The life and career of John Belushi is given the oral history treatment, in the new Showtime documentary simply titled, "Belushi." There is some great archival footage and some behind-the-scenes stories included, even if the film falls short in really letting us understand what made him tick.
In the 70s and early 80s, John Belushi had risen to the very upper echelons of stardom that few others had ever achieved. He was the break-out star at Saturday Night Live (SNL). His performance in the 1978 classic film "National Lampoon's Animal House" is one of the most iconic and unforgettable performances of his generation. And he was one half of The Blues Brothers with his best friend and collaborator Dan Aykroyd, which brought him success not only when their feature-film became a huge hit, but in the music industry, with their debut 1978 album, "Briefcase Full of Blues," went on to sell 3.5 million copies, making it one of the highest-selling blues albums of all-time.
Here he was, this kid from Chicago, a star on the stage and screen, big and small. His death at age 33 of a drug overdose came as a huge shock to his fan-base that loved him, but for anybody that really knew him, his downfall seemed inevitible.
In "Belushi," there are no talking heads whatsoever. Director R.J. Cutler assembles a film that takes us through John's early childhood all the way up to his final days, completely told by those who knew him best. Cutler uses a massive audio library of interviews that were initially recorded by author Tanner Colby, who had been attempting to cobble together a complete oral history of John's professional life. Visually, we're treated to many clips of John's best (and worst) moments on SNL, mixed with photos and home movies that give viewers a glimpse at the man that they never really knew all that well. He was a tormented man, mainly brought on by drug addiction brought on by newfound fame. And in watching and hearing his story, you get the sense that things did not have to be this way.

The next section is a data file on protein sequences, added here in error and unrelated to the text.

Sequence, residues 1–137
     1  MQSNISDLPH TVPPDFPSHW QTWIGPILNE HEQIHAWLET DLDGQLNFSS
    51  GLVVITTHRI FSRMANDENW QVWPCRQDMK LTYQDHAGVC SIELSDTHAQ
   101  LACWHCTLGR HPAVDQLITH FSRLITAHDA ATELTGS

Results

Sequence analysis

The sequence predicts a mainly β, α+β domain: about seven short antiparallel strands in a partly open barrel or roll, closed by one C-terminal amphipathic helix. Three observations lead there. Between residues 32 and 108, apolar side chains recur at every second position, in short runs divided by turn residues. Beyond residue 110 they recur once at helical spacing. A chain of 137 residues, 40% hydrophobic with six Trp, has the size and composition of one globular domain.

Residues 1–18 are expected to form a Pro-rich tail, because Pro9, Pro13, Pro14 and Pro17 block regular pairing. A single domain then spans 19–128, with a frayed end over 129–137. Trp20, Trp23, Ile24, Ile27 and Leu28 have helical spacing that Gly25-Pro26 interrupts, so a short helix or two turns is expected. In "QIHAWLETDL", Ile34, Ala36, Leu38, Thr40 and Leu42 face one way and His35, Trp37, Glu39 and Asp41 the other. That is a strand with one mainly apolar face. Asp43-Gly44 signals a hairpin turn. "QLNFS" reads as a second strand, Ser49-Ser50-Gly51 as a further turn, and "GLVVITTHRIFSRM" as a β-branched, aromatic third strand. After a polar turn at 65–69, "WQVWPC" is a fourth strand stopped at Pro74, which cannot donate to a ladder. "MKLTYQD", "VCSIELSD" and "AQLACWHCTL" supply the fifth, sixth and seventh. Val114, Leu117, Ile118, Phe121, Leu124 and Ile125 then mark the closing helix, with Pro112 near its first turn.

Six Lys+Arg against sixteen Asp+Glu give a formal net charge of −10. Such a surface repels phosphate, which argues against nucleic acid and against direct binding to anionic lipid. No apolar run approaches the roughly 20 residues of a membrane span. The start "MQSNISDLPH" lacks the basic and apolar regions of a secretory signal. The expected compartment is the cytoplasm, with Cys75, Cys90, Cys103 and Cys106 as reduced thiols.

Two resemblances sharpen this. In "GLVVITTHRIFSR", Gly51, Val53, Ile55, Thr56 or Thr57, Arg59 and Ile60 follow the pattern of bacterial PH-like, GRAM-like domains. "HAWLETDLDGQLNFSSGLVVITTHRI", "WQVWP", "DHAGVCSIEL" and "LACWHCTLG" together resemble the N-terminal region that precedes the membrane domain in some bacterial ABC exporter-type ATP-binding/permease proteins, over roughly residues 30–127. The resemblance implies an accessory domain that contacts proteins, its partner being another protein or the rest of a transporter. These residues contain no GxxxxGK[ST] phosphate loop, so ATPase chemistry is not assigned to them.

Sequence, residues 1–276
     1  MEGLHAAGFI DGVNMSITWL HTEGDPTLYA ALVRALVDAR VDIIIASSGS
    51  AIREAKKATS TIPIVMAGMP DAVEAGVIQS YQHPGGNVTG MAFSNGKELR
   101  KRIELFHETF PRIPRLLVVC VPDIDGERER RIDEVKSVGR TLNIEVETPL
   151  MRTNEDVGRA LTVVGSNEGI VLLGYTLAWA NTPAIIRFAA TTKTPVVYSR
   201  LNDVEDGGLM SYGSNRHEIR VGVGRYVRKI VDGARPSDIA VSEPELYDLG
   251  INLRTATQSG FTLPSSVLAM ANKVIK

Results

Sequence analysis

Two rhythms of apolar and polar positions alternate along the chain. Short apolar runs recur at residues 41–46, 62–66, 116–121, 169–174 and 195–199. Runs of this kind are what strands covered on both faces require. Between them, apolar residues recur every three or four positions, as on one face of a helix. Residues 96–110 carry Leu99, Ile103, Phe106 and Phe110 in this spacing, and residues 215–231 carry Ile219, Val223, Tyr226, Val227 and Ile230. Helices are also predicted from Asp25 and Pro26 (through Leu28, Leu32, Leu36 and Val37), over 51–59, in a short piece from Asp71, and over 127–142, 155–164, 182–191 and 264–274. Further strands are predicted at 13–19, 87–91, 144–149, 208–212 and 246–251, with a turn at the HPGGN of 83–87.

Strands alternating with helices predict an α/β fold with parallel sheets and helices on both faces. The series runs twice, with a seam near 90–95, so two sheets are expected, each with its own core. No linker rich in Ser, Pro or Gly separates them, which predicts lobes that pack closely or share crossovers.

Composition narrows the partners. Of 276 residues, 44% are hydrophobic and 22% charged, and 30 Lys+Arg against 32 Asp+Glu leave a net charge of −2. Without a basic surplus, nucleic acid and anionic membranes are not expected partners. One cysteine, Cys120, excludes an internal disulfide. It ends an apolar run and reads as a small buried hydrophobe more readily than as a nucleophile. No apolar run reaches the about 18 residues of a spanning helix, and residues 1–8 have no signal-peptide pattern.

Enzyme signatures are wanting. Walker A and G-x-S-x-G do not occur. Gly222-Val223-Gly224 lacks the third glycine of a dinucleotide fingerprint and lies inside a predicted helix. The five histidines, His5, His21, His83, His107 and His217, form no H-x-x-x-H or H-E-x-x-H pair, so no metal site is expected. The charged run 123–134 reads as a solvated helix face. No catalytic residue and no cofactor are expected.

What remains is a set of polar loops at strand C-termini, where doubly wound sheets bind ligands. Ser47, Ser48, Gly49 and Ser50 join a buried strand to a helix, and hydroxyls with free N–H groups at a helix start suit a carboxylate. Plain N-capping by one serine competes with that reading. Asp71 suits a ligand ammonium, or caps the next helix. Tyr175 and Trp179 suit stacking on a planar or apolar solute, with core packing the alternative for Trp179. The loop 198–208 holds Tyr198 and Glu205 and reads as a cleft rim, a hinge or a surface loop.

One of the best aspects of the film is that it feels like it could have been released 10 or 20 years ago...that's because the interviews themselves come from several people who are no longer with us today: Carrie Fisher, Harold Ramis and Penny Marshall among them. With involvement from those closest to him professionally, you can tell that this film also gets the blessing of his family and inner circle, as it includes in-depth conversations with Aykroyd, Lorne Michaels, John's famous brother Jim Belushi, and the love of John's life, Judy.
What's frustrating about the documentary, is that you leave it still not quite understanding what exactly went wrong or what specific demons John was dealing with. There's an attempt made, as we get several glimpses at hand-written letters that Belushi had sent to Judy throughout the years (the voice-over of Belushi provided by fellow SNL-alum, Bill Hader). But even still, not much insight is given...or perhaps it's impossible to really know what was going on in John's head.
The documentary almost feels TOO close to Belushi...in that it seems to brush over some things that might seem obvious in other documentary films profiling a tragic life. For one example, the death of Belushi is not given much time at all, and sparse details are included, like how "friend" of Belushi and his supposed dealer, Cathy Smith, actually served 15 months in a California State Prison, after pleading guilty to manslaughter for being the one that injected Belushi with a lethal dose of cocaine and heroin (known as a "speedball"). There's also no mention of John's legacy or influence, which would have been a nice context to wrap into the film.
Still, the memory of John Belushi is bittersweet...it's almost impossible to see his face, or watch any of his performances without feeling a touch of sadness that he was taken from us too soon. On the other hand, there's a reason why he's still well-known, and that they're making documentaries on him nearly 40 years after his death: It's because John Belushi was a rare talent, and one that definitely deserves to be celebrated.
Run Time: 1 hour 48 minutes.
Featuring: Dan Aykroyd, Chevy Chase, Carrie Fisher, Penny Marshall, Lorne Michaels, Jim Belushi, Harold Ramis, John Landis, Bruce McGill, Jane Curtin, Don Novello, Joe Flaherty, Ivan Reitman, John Belushi.
Directed by R.J. Cutler ("If I Stay," "A Perfect Candidate").
"Belushi" debuts on Showtime on Sunday, November 22nd, 2020.
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